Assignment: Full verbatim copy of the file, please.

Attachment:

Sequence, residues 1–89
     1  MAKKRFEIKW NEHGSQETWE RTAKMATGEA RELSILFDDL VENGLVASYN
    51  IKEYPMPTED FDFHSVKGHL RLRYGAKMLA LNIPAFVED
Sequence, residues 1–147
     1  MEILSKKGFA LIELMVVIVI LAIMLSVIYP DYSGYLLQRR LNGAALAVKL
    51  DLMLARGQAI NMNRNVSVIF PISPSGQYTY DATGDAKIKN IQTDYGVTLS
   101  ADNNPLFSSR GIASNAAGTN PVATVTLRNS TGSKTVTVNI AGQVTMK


Sequence, residues 1–89
     1  MAKKRFEIKW NEHGSQETWE RTAKMATGEA RELSILFDDL VENGLVASYN
    51  IKEYPMPTED FDFHSVKGHL RLRYGAKMLA LNIPAFVED
Sequence, residues 1–147
     1  MEILSKKGFA LIELMVVIVI LAIMLSVIYP DYSGYLLQRR LNGAALAVKL
    51  DLMLARGQAI NMNRNVSVIF PISPSGQYTY DATGDAKIKN IQTDYGVTLS
   101  ADNNPLFSSR GIASNAAGTN PVATVTLRNS TGSKTVTVNI AGQVTMK